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LDS Church News

Building the kingdom despite disability

By Ryan Morgenegg

LDS Church News

Published: Saturday, May 31 2014 12:20 a.m. MDT

Tracey Brough at her computer in her bedroom.

Photo by Janet Brough

Tracey Brough entered this life almost 44 years ago with cerebral palsy. Despite having challenges speaking and controlling her right arm, right hand and right leg, she has lived a life of service. She has accomplished, with an infectious smile, things people with perfect health might consider difficult. To date, she has indexed almost 350,000 names in support of research and temple work by using only the index finger of her left hand.

“At age six, Tracey was living in a foster home in another state when we became aware of her through an adoption service for special needs children,” said her mother, Janet Brough. “She was sealed to us one year later.”

A stable and loving family, the Church, which was totally new to her, and school situations gradually enabled her to replace fear with confidence. “Explained by the inner nature she brought with her from the pre-earth life, Tracey’s sense of goodness and purity is innate, and her smile is undeniable,” said Marshall Brough, her father.

Because of cerebral palsy, Sister Tracey Brough’s energy expenditure is higher than average for every task. In spite of this, she was often considered by her teachers to be the hardest-working student in the class.

Because she cannot speak and has general use of only one hand, she signs the best she can. She signs using Signing Exact English. When she comes to unfamiliar words, she finger spells. Longer messages, or communications to people who do not sign, are handwritten with paper and pencil.

For 23 years, she has participated in special needs mutual. Although faces and logistics have changed over the years, the weekly Thursday-night activity has been constant, broken only by annual summer recesses. “In the course of 90 minutes each week with disabled peers, and under the leadership of inspired adult leaders and advisers, assisted by devoted youth counselors, Tracey’s spiritual and emotional battery is recharged with sufficient love, hope and confidence to sustain her through the coming week. Tracey is reminded every week that she is special and of infinite worth. This is the only place she has been able to totally celebrate who she is without being reminded of who she isn’t,” said Sister Janet Brough.

“We encountered nothing but roadblocks in searching for work opportunities,” said Brother Brough. “Every potential employer seemed to have a good reason why Tracey wouldn’t fit. We decided to consider volunteer work.”

Being aware of the Church’s name extraction program, and matching this with Sister Tracey Brough’s reliable one-handed, one-fingered keyboarding and work ethic, her parents and Church leaders made it possible for her to receive a calling to key in extracted names for the temple.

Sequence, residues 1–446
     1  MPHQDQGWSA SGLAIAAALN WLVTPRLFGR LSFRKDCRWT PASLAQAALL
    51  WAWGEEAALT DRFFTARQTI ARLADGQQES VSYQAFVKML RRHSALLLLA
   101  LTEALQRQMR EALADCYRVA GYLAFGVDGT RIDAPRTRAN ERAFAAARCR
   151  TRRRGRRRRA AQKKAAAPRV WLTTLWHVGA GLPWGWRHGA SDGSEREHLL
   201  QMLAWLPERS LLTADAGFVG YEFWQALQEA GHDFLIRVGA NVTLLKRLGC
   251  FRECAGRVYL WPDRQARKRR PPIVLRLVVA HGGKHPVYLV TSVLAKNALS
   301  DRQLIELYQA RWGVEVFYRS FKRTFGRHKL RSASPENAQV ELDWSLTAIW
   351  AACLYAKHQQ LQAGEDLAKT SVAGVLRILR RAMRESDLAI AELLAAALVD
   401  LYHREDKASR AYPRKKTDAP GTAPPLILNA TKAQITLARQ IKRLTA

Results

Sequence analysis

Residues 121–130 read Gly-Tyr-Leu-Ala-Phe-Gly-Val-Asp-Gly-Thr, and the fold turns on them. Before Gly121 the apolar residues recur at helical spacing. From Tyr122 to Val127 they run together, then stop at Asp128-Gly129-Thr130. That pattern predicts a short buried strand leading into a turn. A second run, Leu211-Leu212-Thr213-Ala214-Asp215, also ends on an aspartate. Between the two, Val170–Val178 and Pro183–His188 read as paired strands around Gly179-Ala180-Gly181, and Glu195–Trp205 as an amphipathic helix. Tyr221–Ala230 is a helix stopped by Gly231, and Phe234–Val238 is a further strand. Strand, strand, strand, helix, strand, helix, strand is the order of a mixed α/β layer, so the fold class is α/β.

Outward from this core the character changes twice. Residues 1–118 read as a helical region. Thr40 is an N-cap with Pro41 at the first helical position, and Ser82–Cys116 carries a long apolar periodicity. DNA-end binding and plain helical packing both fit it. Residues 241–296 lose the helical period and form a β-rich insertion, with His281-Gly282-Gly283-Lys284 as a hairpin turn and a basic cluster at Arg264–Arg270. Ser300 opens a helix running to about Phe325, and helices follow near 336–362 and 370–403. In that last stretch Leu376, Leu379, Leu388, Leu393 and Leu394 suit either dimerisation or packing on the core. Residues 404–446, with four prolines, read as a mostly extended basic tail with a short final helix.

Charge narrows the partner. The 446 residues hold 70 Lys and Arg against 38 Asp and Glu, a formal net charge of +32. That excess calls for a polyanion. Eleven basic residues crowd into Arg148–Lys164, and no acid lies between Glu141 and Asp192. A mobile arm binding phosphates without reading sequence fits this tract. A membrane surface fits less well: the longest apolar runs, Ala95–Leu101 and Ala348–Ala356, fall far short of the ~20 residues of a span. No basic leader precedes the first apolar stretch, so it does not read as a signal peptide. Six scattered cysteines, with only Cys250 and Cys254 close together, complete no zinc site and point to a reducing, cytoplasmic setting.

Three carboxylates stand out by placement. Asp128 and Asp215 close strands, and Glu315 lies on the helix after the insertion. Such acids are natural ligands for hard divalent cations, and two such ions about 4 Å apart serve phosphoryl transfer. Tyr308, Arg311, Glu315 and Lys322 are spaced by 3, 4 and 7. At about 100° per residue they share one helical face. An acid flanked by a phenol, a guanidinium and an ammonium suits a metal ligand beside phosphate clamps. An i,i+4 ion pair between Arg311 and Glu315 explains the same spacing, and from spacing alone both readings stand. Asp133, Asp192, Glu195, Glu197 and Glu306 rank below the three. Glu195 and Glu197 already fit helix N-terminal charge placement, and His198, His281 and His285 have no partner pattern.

Her parents indicated three important factors that have contributed to her success with data entry: One, she always works hard at what she does. Two, she is dedicated to doing each task correctly. Three, she has only one standard: the right way.

Those checking her work comment on how consistent and accurate she is. She seeks and acts upon promptings from the Holy Ghost when interpreting handwriting. “Early on, she recognized the need to work to be happy,” said Brother Brough. A journal entry from her father in August of 1993 reads, “Tracey went several days without an extraction packet to enter and noticed how important her work is for her.”

Sister Tracey Brough refers to indexing as “my work” and almost every prayer she offers includes a statement of gratitude for “my work.” She understands that the information about deceased people helps to prepare their names for temple work. She loves to be in the temple.

A typical workday for her, when doing extraction work both pre- and post-mission, is to spend four hours doing indexing. During her two-year service mission with her parents to Australia, she increased her time to a full day, and sometimes longer. The makeup of a record (e.g., census, marriage, birth, death, passport, ship register) varies in terms of complexity. Her parents have record counts for her indexing work, and they have extrapolated the record count related to the extraction program era as follows:

• 19 years of extraction entry (1989 to 2008): 228,000 names (estimated at 12,000 per year)

• Two-year service mission (2008 to 2010): 43,228 records

• Post-mission (2010 to present): 74,329 records

“Tracey does have down moments,” said Brother Brough. “But they don’t last long. She is always willing to accept suggestions, reconsider her attitude and bounce back to her happy self.”

Arnold Grundvig, director of special needs mutual where she attends said, “She is an example of someone who has truly consecrated her time, talents and all she has been blessed with to the work of the Lord. She is an inspiration to those who take the time to know her.”

“Her big smile is genuine,” said Sister Janet Brough. “Tracey brings out the best in people and helps them to be happier than they would otherwise be. Some simply realize that they should not complain about their own challenges, and others reflect her smile and carry it with them.”

rmorgenegg@desnews.com